Julieann Cork is the Regional Executive Director, Moreton Region at the Department of Child Safety, Youth and Women in Queensland. Prior to beginning her current role in September 2016, Julieann was the Regional Director, Child and Family Services, North Coast Region for six years. She joined the Department of Child Safety in 1999 following work as a Clinical Social Worker in the Mater Hospitals, Brisbane. Julieann has held leadership roles across a wide range of the department’s business areas, including strategic policy, program development, service development, legislative and funding reform units.
Anne Tidyman has a background in nursing, public housing, community development, out-of-home care and Alcohol and other drugs and Family services. She has volunteered and worked in the community sector for over 20 years with a special interest in working with vulnerable families and communities. Currently, Anne managers Child and Family Services at Odyssey House Victoria. Anne has presented at many Child/Family, AOD and Family Violence related conferences and forums in Australia and overseas about AOD, Family Violence and/or innovative practice with children/families experiencing trauma. She has publications with Dr Menka Tsantefski (Griffith University and formerly University of Melbourne) and has completed specialist training in Family violence, she is an Accredited Parenting Under Pressure Therapist; Group Facilitator Caring Dads and My Kids and Me. Anne was a member of the Program Advisory Group for the STACY Project.
Lorna’s background is in mental health, drug and alcohol and disability service delivery. She has been Director of the Prevention and Response to Violence Abuse and Neglect (PARVAN) Unit, Government Relations Branch since June 2015.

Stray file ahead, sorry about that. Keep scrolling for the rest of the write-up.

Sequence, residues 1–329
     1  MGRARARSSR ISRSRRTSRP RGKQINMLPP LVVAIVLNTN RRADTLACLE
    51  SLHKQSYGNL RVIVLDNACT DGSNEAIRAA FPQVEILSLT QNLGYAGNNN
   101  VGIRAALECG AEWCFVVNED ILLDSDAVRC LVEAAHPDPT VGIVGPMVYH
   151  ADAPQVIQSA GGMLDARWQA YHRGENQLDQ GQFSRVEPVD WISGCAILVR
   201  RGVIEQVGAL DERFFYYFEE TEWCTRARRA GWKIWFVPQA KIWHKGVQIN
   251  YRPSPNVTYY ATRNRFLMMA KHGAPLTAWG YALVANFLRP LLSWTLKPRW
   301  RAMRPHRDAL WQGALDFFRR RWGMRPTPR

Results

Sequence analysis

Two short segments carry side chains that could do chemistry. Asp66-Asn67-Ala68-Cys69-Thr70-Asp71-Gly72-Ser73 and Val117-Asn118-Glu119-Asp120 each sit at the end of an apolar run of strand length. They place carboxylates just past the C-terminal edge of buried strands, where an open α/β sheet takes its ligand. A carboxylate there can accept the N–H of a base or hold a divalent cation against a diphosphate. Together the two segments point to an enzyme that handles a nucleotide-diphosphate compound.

Lorna has extensive experience in managing complex statewide programs in public health policy that have included strategy and policy development and implementation, service system re-design, research and evaluation. Lorna also has extensive relevant experience in education and training. Prior to her current role, Lorna was the Director of the Education Centre Against Violence at NSW Health for approximately thirteen years. Lorna has published a range of academic articles and chapters on improving service responses to those impacted by violence abuse and neglect and is an Honorary Associate in the Faculty of Education and Social Work University of Sydney.
Michele joined ANROWS in 2017 as the Director, Evidence to Action. Michele leads the translation and dissemination of research at ANROWS to support the take-up of evidence into policy and practice, to reduce violence against women and their children. This role builds on Michele’s 18 years of experience in leadership roles developing advice and strategies on research, knowledge partnerships and exchange in a diverse range of sectors, including the prevention of violence against women and their children.